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The impact of rapid cycle simulation deliberate practice on nursing student's resuscitation self-efficacy: A quasi-experimental study

Tucker, Guy, Unsworth, John, Tomietto, Marco and Urwin, Claire (2023) The impact of rapid cycle simulation deliberate practice on nursing student's resuscitation self-efficacy: A quasi-experimental study. Nurse Education in Practice, 73 (103841). ISSN 1471-5953

Item Type: Article


Background: Nursing students often report anxiety about the performance of resuscitation in a placement context. Rapid cycle deliberate practice which involves re-running the scenario after de-brief allowing for the correction of errors and improved practice has been widely used to develop skills in resuscitation. Few studies have examined the use of rapid cycle deliberate practice to improve resuscitation confidence and self-efficacy.
Objective: to assess if rapid cycle deliberate practice leads to improvements in resuscitation self-efficacy in pre- registration nursing students.
Design: Quasi-experimental pre and post-test design measuring self-efficacy using the Basic Resuscitation Skills –
Self Efficacy Scale.
Setting: University, United Kingdom.
Participants: Students were invited to participate (n = 120) and 106 consented to take part in the study. Par- ticipants were in pre-determined practical groups with 56 in the experimental group and 50 in the control group.
Methods: A pre and post-test of nursing students’ self-efficacy during a resuscitation simulation scenario. The scenario will relate to a patient admitted to the emergency room with chest pain who then goes into cardiac arrest. The control group undertake the simulation exercise and then received a de-brief whereas the experi- mental group participated in a rerun of the scenario following the de-brief (deliberate practice). Both groups completed the Basic Resuscitation Skills Self-efficacy scale pre and post the session. Data were analysed using a paired sample t-test.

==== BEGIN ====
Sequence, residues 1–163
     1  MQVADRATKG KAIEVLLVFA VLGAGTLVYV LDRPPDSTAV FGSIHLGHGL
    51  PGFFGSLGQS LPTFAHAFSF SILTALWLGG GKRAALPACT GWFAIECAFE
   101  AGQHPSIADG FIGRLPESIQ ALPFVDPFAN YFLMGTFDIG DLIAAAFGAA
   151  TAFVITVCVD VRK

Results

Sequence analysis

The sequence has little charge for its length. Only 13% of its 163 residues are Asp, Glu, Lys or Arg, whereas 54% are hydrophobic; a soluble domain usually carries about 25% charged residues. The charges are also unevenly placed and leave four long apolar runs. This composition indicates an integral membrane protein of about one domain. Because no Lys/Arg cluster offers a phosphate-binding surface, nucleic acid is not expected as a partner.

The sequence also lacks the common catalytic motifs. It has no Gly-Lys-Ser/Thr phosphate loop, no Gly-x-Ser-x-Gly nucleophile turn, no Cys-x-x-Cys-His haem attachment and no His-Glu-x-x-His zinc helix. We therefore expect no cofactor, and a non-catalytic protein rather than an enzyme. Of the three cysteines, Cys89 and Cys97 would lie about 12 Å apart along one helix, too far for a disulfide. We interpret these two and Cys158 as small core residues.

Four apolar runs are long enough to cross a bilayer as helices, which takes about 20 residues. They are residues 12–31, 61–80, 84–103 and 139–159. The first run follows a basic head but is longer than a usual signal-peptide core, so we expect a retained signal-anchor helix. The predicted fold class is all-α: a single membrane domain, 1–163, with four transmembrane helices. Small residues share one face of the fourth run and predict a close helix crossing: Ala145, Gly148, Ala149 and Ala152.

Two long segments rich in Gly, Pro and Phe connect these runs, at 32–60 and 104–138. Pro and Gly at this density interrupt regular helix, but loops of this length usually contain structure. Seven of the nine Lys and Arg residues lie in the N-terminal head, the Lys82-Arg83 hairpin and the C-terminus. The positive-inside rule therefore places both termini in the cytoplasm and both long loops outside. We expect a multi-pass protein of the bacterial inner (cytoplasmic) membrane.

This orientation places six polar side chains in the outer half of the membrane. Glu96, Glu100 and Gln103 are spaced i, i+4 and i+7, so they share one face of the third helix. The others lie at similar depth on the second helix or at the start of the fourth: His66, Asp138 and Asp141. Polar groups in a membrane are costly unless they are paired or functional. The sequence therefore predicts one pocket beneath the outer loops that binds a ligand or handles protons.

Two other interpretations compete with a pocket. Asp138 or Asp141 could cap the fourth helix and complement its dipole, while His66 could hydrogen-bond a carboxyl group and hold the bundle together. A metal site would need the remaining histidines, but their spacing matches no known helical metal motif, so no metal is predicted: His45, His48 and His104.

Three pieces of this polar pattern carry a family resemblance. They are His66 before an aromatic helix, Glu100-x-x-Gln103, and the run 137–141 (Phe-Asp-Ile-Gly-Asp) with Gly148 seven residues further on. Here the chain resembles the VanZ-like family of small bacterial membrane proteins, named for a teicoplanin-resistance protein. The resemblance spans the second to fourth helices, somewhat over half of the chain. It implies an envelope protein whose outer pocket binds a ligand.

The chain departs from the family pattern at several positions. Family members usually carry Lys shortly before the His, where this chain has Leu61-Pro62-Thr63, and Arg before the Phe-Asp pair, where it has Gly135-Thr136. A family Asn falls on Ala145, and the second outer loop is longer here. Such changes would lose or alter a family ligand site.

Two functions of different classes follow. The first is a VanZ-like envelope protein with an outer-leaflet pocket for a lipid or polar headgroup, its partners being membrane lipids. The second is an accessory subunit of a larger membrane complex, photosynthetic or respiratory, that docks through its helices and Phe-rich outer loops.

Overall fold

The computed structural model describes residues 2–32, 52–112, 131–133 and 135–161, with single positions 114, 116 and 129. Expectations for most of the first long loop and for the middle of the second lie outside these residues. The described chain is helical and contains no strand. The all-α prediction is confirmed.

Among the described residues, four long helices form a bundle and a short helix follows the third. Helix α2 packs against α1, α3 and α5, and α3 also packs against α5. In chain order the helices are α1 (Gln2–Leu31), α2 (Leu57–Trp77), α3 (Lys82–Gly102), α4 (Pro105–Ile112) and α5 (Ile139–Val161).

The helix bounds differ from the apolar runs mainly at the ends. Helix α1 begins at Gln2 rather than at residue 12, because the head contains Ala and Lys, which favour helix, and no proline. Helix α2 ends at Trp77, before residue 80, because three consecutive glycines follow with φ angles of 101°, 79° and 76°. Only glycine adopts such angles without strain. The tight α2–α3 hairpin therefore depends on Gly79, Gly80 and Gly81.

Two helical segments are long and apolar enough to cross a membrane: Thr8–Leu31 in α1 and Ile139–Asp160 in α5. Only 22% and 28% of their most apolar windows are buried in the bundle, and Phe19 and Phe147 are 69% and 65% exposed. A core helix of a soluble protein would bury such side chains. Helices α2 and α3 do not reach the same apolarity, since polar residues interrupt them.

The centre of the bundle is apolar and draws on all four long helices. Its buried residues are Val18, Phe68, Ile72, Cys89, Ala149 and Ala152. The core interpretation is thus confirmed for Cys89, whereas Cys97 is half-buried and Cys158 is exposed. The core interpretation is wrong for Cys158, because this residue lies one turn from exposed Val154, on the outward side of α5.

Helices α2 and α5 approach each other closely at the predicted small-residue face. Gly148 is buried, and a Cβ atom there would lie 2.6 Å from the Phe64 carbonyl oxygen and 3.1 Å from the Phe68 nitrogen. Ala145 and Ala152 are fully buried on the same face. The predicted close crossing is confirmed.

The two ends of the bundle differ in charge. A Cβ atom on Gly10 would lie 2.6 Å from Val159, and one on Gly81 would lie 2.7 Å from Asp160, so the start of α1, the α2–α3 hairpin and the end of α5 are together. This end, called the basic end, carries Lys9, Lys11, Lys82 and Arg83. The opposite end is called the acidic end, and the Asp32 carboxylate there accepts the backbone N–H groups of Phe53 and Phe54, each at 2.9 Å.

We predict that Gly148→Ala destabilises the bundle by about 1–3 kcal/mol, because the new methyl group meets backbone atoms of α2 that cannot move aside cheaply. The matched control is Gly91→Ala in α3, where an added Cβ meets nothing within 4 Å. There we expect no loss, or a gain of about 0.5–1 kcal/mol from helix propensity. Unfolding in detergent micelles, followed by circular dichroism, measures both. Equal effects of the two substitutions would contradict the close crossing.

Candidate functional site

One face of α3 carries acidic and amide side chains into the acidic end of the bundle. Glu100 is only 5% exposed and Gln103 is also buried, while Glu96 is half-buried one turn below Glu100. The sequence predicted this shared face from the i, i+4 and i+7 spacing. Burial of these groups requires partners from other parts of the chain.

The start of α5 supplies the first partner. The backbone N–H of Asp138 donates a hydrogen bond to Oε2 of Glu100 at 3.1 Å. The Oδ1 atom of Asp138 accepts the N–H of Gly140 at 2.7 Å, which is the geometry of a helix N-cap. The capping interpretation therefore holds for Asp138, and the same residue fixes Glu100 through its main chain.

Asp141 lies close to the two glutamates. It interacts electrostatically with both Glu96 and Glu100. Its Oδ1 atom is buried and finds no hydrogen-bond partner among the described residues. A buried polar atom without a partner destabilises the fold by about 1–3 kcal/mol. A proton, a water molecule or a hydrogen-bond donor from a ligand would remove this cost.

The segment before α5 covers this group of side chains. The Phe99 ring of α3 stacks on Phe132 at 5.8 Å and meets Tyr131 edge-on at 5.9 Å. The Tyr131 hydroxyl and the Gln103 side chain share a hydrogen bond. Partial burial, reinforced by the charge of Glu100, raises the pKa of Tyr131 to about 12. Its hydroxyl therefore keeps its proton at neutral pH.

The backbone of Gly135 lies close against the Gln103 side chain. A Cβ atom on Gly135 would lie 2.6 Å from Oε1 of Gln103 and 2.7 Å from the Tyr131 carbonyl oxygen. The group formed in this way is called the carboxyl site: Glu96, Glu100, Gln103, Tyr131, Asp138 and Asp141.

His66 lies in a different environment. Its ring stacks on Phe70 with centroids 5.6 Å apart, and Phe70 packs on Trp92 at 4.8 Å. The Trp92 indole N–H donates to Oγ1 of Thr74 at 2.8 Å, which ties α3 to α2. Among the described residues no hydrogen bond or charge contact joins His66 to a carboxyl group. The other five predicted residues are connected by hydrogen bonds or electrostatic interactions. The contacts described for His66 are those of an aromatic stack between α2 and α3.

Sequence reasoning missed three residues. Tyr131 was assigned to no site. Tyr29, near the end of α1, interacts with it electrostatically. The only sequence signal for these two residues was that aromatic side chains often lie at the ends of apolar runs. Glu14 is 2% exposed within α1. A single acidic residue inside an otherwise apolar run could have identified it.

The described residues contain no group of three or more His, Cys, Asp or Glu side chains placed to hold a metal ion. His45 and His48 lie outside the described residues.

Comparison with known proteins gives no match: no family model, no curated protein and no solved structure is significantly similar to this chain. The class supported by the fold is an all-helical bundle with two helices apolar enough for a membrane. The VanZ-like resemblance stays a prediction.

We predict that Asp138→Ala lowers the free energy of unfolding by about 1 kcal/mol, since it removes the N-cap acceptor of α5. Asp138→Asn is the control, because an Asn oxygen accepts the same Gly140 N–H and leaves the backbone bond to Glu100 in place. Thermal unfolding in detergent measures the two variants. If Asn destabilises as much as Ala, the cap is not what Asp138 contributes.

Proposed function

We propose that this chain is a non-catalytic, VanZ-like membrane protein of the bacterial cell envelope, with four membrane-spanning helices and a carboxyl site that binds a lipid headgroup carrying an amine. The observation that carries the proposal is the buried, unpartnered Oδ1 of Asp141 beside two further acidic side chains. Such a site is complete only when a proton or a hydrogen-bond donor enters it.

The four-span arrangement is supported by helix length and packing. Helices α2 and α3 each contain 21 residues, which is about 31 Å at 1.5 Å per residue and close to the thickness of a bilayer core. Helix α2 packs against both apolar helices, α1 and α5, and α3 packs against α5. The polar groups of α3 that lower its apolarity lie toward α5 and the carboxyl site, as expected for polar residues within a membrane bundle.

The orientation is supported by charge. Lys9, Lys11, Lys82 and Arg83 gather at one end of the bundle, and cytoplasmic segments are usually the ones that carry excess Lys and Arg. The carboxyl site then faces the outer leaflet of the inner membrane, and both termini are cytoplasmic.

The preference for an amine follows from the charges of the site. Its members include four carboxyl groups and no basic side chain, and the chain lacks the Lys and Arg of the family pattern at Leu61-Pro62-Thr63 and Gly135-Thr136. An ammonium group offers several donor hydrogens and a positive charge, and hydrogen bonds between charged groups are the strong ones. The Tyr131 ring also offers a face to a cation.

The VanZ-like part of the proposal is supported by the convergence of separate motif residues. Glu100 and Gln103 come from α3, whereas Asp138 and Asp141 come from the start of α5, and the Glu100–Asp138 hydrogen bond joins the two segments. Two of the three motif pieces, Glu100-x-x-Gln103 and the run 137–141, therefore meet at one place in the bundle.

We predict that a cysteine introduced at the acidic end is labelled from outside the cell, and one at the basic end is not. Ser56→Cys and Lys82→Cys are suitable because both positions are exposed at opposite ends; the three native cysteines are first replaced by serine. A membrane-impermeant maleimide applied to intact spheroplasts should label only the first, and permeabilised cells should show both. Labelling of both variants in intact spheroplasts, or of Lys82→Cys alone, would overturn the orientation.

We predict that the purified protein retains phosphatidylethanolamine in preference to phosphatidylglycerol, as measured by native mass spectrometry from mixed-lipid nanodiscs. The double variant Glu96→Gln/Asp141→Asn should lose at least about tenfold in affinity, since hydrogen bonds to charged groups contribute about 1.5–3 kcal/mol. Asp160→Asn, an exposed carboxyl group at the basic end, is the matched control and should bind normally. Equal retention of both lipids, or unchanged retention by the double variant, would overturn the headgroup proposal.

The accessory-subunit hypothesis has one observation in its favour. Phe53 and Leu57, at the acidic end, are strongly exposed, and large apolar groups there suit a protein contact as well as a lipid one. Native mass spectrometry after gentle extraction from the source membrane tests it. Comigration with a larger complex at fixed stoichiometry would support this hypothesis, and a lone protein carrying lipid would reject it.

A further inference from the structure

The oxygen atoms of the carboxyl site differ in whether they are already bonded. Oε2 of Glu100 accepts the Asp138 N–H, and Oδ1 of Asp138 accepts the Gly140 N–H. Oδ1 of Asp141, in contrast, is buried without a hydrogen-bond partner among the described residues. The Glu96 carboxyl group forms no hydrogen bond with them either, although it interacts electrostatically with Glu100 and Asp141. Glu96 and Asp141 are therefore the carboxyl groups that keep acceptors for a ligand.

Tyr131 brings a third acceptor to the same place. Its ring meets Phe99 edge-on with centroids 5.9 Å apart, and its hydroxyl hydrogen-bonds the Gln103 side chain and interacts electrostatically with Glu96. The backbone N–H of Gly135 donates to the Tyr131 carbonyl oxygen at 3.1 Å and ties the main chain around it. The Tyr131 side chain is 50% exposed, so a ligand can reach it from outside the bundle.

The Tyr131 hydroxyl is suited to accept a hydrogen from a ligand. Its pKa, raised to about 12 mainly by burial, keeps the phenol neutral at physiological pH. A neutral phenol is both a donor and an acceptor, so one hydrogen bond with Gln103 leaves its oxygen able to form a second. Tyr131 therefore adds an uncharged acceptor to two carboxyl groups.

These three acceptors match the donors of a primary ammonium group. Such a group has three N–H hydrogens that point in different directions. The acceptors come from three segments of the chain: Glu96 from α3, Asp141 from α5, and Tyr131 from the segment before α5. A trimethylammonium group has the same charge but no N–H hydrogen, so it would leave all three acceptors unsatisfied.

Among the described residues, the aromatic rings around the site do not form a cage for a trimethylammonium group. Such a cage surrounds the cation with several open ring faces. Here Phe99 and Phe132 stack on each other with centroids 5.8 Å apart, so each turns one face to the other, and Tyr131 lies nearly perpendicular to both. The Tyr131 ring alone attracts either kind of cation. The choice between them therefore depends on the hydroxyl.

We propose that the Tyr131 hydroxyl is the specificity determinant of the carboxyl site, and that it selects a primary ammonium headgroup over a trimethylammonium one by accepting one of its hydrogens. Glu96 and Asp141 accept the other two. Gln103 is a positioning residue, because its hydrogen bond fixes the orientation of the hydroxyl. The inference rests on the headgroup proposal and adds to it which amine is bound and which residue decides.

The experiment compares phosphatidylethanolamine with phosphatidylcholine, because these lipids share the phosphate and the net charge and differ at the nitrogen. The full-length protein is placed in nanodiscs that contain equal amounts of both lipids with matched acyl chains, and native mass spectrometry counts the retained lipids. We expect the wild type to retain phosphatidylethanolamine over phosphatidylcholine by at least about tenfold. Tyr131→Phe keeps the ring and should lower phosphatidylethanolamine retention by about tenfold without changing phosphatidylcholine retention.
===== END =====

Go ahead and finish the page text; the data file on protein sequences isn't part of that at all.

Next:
Results: Both groups showed improved self-efficacy as a result of the simulation session. The difference in the post-test mean scores between the control and the experimental group was marginal and not statistically significant.
Conclusion: rapid cycle deliberate practice simulation does not lead to improved resuscitation self-efficacy amongst pre-registration nursing students when compared with a single session.
Abstract: Nursing students are often anxious about performing resuscitation in practice. Can rapid cycle delib- erate practice improve resuscitation self-efficacy? Pre and post-test study (n=106) showed improved self-efficacy with no statistical difference between standard simulation and deliberate practice.

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More Information

Uncontrolled Keywords: Resuscitation Training; Nursing students; Deliberate practice; Simulation; Self-efficacy
Related URLs:
Depositing User: Claire Urwin


Item ID: 15355
Identification Number:
ISSN: 1471-5953
Official URL:

Users with ORCIDS

ORCID for Guy Tucker: ORCID iD
ORCID for John Unsworth: ORCID iD
ORCID for Marco Tomietto: ORCID iD
ORCID for Claire Urwin: ORCID iD

Catalogue record

Date Deposited: 20 Mar 2024 14:20
Last Modified: 20 Mar 2024 14:30


Author: Guy Tucker ORCID iD
Author: John Unsworth ORCID iD
Author: Marco Tomietto ORCID iD
Author: Claire Urwin ORCID iD

University Divisions

Faculty of Health Sciences and Wellbeing > School of Nursing and Health Sciences


Sciences > Nursing

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